Involuntary transfers causing uncertainty for UAW laid off worke - News weather sports for Youngstown-Warren Ohio

Involuntary transfers causing uncertainty for UAW laid off workers

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As United Auto Workers left the union hall, many held "Drive it Home" yard signs to support GM Lordstown gaining a new product.

Some of the workers laid off in 2017, who have less seniority than workers at the plant, received a forced choice from the corporation.

President of UAW Local 1112 Dave Green said, "About 79 people have received letters over the weekend that they are going to have to make a decision to go to Wentworth or kind of cut their ties with the company. From my understanding, the letters require one to accept the job or separate. If the workers who are currently laid off right now don't go to Missouri and they don't have an offer by the company to work anywhere else, they have a right to only return here back to Youngstown. The bargaining unit is still having some discussions with the International UAW because we are not a closed plant.  Our shop chairman, Dan Morgan, is arguing there are parts that are irrelevant in the contract due to unallocated status. Many of the workers who received that letter have already found new jobs or went back to school for retraining. Workers who have not done either will have this opportunity to move."
Uncertainty fuels many worries for UAW members with seniority who are scheduled to work until March 8th when production of the Cruze is set to end.

21 News talked with several people leaving the union meeting. Many of the workers did not want to speak in an on-camera interview. Those who did talk with us explained it is stressful trying to make the right decision for families. About one-third of the autoworkers have decided to move.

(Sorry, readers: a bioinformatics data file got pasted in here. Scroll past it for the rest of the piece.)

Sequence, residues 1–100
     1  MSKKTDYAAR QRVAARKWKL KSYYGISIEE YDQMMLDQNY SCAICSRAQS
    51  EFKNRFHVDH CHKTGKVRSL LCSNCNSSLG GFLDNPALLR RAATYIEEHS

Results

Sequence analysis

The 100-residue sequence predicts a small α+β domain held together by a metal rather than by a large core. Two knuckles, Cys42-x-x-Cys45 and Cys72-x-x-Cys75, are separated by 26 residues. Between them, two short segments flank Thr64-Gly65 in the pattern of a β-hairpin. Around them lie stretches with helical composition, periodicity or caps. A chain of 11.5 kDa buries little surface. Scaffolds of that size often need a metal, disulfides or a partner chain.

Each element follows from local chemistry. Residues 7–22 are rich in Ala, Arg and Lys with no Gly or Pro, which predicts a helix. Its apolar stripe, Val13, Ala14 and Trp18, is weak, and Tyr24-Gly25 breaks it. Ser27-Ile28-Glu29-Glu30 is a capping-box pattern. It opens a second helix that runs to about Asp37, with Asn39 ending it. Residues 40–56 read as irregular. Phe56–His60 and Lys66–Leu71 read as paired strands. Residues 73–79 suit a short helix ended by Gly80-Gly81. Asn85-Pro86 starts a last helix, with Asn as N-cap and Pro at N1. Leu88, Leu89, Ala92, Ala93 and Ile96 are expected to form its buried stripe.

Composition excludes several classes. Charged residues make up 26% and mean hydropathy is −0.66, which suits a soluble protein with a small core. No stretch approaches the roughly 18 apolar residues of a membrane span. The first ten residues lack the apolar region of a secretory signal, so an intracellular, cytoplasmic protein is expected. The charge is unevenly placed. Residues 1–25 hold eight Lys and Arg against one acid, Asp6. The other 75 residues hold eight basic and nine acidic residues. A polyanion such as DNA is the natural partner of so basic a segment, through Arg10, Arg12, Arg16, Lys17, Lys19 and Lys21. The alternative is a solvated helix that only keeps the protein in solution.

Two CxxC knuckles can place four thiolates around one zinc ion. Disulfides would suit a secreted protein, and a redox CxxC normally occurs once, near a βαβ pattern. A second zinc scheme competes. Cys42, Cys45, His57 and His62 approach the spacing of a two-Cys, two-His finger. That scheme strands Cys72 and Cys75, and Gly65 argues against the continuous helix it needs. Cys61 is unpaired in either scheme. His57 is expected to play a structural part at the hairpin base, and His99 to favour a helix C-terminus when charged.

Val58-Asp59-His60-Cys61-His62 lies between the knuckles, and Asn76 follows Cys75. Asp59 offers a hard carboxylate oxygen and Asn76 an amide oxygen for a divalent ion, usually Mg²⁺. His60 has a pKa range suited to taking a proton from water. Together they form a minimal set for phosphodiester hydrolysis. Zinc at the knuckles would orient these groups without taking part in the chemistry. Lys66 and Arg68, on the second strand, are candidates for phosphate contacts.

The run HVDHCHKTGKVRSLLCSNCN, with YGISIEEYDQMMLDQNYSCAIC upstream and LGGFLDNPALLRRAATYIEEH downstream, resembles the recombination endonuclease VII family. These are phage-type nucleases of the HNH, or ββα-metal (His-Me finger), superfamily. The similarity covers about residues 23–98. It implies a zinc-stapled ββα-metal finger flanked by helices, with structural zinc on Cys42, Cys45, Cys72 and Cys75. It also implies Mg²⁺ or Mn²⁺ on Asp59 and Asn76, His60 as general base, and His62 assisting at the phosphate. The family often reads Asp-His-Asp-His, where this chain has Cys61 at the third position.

John Degarmo is on his 5th plant in 12 years. Degarmo said, "I transferred in 2010 from Lake Orion, Michigan. When they closed that plant, I was by myself, but now I have a family and three-year-old daughter. It's rough. I've worked 12 years for GM, and this is my 5th plant here. I'm trying to get back home to Michigan if we have to leave here, but the plants I would like to move to are in a similar status as the Lordstown plant.

Degarmo will put his house up for sale, and there is a possibility that he may have to leave his three-year-old daughter. Degarmo said that he might go back to school, but he loves the community, and he loves working at GM Lordstown. 

A majority have decided to wait it out in hopes the UAW can fight in negotiations this summer to gain a product.

They also hope the companies will realize their quality and work ethic deserve a new product and that Lordstown's auto workers are the best to make any new product.

Doug Grant who has worked at GM for 18 years said, "I want to stay because of my family and friends. I grew up on the south side of Youngstown. I live in Warren. I have been here my whole life, and I love it. We have the best quality product we put out! Our product speaks for itself. We take a lot of pride in what we do."

UAW 1112 President Green added, "Even with the announcement and people's futures on the line, auto workers are going to work and doing just as good or better than they ever have. We are also supporting customers who buy our cars.  Workers want to make sure when their neighbor, friend, or family member goes in to buy our car that it is the best quality car and they are happy with the vehicle."

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